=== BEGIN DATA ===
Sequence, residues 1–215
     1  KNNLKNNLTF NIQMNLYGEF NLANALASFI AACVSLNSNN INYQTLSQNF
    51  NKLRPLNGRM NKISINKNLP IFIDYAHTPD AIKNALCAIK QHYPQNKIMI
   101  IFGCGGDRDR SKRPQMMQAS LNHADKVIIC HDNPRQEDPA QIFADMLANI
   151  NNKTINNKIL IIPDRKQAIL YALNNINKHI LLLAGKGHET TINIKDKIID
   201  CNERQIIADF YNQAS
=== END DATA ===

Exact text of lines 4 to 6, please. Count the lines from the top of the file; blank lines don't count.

   101  IFGCGGDRDR SKRPQMMQAS LNHADKVIIC HDNPRQEDPA QIFADMLANI
   151  NNKTINNKIL IIPDRKQAIL YALNNINKHI LLLAGKGHET TINIKDKIID
   201  CNERQIIADF YNQAS